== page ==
Photographers from The New York Times visit beaches, parks and cafes to indulge readers in timeless bliss.
Enjoying a book alfresco is one of the simple, coveted joys of summer right there, running through a sprinkler, cracking open the first firefly of the evening or scraping a flat wooden spoon into a freezer-lit cup of Italian ice.
The sweltering, record-breaking heat this year has compounded the practice, leaving many of us with the feeling of reading inside a toaster oven. It’s hard to focus on a novel when your back is throwing up as much liquid as Niagara Falls.
Still, there are few voyeur pleasures more satisfying than stepping outside and finding someone lost in a book. You have the thrill of recognizing a similar spirit, the instant eye test of deciphering a title from afar, plus the ability to have a new mystery, biography, memoir or graphic novel to add to your list. It’s like getting menu ideas from a stranger’s shopping cart, barring the clumsiness about your own unhealthy snacks. Fortunately there are no judgments in public displays of literacy—just the casual visor of one book lover to salute another.
So what makes reading in the great outdoors more memorable than cracking a book in the privacy of your own home? Certainly a sofa cushion is more comfortable than a headrest made of sand, and you don’t need to keep an eye on the weather or circle the nearest amenities. Why do we find a sudden peace of mind falling down a heated park bench, a splashy deck or a dandelion-dotted lawn with paperbacks in hand? Why do we subject our backs to the unforgiving bark of a tree?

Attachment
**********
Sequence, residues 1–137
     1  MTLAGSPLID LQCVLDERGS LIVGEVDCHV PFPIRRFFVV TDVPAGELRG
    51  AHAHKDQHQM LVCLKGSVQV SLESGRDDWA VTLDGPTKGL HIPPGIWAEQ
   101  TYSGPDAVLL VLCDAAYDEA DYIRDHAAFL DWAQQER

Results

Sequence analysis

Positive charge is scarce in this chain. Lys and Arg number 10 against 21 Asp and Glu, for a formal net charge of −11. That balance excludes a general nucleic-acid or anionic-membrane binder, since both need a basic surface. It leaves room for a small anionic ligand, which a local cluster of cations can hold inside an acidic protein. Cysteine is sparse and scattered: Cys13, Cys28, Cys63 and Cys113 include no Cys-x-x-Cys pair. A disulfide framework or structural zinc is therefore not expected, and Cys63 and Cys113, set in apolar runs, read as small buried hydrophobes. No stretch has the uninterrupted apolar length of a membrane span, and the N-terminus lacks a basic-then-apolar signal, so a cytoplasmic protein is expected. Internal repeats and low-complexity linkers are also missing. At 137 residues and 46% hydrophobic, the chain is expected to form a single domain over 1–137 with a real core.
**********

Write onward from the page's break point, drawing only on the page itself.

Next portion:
The answers depend on your own adventure of small decisions: beach towel or chair? Barefoot or flip-flops? Sunglasses or baseball cap? Picnic basket or poppy berry? Do you read with earbuds or rely on birds and ice cream trucks to provide your soundtrack? More importantly, what book have you brought along for the company? Will it get you excited for a round of paddle ball or provide a prelude to a long summer nap?
There are only a few non-negotiables when it comes to plein-air readings: sunscreen, hydration, repeat. You don’t want to stand up and look at the stars – they’re in the middle of the cover. Plus, the humble reader leaves the speakers at home. No one wants to listen to your Jimmy Buffett playlist, even in Key West.
This summer, The New York Times sent photographers to beaches, parks, courtyards and cafes across the country — from New York City to Minneapolis to Seattle — to document our fearless tradition of enjoying words and nature at the same time. For. His photographs are reminiscent of the magnificence and magic of this combination.
Produced by Rebecca Halleck